The American Cancer Society recently announced that colon and rectal cancer screenings for adults should begin at age 45 instead of 50, as previously advised. In the U.S., colorectal cancer is the second-leading cause of cancer-related deaths among cancers that affect both men and women, according to the Centers for Disease Control and Prevention.
We consulted Allen Paul Chudzinski, MD, FACS, FASCRS, Director of Colon and Rectal Surgery at Florida Hospital Tampa, to learn more about what these new guidelines mean for you.
1. Colorectal cancer is trending younger
Dr. Chudzinski says the updated guidelines are likely a response to the rising rate of colon cancer found in younger adults.
“This study looked at people since the year 2000 and found that those who were 65 and older, their rates of death from colon cancer went down,” said Dr. Chudzinski. “And we think that’s because screenings are more available and more people are getting screened. But surprisingly, patients who were 55 and younger had an over 50 percent increase in rates of colon cancer. That was shocking.”
He explained that historically, a younger person typically developed colorectal cancer if they had a high risk of hereditary colon cancer. But the study that inspired these new guidelines shows otherwise.
“I can tell you that I’ve personally been seeing more of it in younger people, but you would expect most of them to have had a hereditary reason for their cancer — mutations that make them prone to it. But many of these are patients don’t have the mutation for developing cancer at all.”
2. Start getting screened at least at age 50, if not sooner
“Ultimately, I agree with starting at 45, and I think it will become the new standard, but you have to look at some of the fine print,” Dr. Chudzinski says of the new ACS guidelines.
“There is a strong recommendation that screenings start at 50, but this is a new ‘qualified’ recommendation that it should be done at 45,” he said. “In general, they are saying 50 is still the highest standard, but based upon the expertise of oncologists and gastroenterologists who looked at these studies, and the fact that the rate of cancer in people 55 and younger has dramatically increased, we have a qualified recommendation that indicates you should start having colonoscopies at age 45.”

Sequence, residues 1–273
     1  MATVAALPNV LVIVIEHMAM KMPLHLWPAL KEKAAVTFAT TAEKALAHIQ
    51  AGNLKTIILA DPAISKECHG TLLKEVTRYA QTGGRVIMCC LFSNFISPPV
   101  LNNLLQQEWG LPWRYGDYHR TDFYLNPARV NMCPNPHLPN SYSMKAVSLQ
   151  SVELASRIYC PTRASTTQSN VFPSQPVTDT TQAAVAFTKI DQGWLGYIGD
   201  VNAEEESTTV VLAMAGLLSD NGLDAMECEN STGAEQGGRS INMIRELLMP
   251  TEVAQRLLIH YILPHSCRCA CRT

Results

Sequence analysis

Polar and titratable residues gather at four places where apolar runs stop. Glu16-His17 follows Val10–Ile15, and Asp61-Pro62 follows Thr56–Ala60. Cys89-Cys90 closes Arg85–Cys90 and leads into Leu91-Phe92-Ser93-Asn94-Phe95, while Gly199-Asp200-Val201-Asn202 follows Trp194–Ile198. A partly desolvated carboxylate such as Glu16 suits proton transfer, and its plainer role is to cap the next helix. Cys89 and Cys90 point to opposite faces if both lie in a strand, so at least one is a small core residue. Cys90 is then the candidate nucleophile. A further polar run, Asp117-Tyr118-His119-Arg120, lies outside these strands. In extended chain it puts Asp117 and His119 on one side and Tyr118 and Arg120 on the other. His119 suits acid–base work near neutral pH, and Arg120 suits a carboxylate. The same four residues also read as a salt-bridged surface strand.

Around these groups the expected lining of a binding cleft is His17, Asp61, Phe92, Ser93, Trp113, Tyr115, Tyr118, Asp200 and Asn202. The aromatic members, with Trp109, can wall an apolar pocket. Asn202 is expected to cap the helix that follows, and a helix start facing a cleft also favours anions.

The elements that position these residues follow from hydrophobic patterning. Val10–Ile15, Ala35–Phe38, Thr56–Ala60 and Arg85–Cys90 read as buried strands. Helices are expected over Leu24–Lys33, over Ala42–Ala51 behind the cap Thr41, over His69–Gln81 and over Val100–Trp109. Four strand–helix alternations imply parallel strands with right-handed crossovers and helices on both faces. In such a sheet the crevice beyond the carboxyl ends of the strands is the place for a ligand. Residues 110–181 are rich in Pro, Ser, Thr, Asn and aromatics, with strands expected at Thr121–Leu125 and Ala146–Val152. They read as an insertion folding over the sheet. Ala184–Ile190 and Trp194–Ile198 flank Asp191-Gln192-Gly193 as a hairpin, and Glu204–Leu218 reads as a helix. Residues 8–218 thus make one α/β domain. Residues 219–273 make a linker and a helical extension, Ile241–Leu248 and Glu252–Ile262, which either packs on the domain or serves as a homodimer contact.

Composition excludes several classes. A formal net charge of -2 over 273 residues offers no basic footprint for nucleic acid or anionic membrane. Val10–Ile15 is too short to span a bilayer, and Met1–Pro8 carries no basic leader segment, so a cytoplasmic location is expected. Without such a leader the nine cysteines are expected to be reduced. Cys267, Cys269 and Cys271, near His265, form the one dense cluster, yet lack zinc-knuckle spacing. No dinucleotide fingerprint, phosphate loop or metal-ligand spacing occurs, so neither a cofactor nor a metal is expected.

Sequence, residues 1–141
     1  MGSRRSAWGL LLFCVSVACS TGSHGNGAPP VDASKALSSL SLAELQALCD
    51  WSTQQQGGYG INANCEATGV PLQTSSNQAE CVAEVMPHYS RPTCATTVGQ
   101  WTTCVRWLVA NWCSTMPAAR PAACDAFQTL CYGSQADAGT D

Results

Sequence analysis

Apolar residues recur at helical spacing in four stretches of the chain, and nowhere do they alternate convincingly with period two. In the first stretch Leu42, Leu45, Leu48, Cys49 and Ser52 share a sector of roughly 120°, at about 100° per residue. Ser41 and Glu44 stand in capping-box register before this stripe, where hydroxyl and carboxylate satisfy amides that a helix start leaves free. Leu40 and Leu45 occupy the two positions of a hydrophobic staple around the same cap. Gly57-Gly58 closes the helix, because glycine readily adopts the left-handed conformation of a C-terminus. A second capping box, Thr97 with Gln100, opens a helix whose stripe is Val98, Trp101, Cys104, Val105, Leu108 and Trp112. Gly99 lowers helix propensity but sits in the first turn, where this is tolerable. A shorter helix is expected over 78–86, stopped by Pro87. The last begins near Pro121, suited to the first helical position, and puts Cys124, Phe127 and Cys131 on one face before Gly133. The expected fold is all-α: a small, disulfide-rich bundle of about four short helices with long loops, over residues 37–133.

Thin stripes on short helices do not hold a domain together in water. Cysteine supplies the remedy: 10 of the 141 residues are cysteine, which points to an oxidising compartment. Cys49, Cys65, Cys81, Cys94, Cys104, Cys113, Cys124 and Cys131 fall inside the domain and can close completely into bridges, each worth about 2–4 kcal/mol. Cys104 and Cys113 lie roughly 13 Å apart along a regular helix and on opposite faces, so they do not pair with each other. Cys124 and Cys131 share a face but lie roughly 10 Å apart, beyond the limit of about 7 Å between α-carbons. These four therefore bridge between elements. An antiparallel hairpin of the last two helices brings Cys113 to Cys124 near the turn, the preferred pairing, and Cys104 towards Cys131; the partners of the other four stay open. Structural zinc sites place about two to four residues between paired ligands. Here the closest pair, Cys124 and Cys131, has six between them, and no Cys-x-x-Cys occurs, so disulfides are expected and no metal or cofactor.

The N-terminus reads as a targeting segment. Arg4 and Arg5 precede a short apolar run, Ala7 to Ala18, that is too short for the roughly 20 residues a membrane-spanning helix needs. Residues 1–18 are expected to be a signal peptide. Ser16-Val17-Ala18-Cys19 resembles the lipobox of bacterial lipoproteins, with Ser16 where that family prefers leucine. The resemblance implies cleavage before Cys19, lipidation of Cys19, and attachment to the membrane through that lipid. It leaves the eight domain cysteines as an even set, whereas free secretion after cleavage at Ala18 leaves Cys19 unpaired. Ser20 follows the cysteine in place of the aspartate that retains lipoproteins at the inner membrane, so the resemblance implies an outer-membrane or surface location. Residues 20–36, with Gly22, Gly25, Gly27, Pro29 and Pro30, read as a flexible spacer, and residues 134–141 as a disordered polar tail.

Dr. Chudzinski also pointed out a key omission in the guidelines: “They don’t make any mention of African-Americans. Prior to now, the recommendations were that people should start at age 50 — unless you’re African-American, then it’s 45. Because we saw more aggressive and severe colorectal cancer at a younger age in African-Americans.”
3. Colonoscopies are the still gold standard for screenings
Dr. Chudzinski acknowledged that there are various types of screenings besides colonoscopy, but, “if any results from those tests are positive, you know what you’re supposed to do? Get a colonoscopy.”
What makes colonoscopies so valuable is their ability to not only detect cancer, but also prevent it. Removal of small polyps during the procedure can stop any potential cancer from developing. It’s also an incredibly safe and effective procedure that takes only a few hours to complete.
We want you to be proactive about your health, but understand you may have questions or concerns about what choices to make. If you’d like more information about colorectal screenings or want to start the scheduling process, we’re glad to be your guide. Please visit our website or give us a call at 855-303-DOCS (3627).